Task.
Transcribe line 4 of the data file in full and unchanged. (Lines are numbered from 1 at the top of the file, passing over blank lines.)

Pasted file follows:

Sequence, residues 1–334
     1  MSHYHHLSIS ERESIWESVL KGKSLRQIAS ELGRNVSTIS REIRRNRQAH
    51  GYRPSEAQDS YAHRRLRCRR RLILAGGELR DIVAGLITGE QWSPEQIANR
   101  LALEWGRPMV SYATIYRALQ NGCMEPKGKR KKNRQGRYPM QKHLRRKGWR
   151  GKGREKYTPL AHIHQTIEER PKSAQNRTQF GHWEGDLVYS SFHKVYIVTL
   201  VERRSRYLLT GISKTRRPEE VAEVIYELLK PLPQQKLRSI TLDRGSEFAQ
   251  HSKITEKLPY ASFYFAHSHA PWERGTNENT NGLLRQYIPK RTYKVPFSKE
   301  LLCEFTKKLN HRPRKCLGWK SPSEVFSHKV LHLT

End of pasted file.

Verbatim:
   101  LALEWGRPMV SYATIYRALQ NGCMEPKGKR KKNRQGRYPM QKHLRRKGWR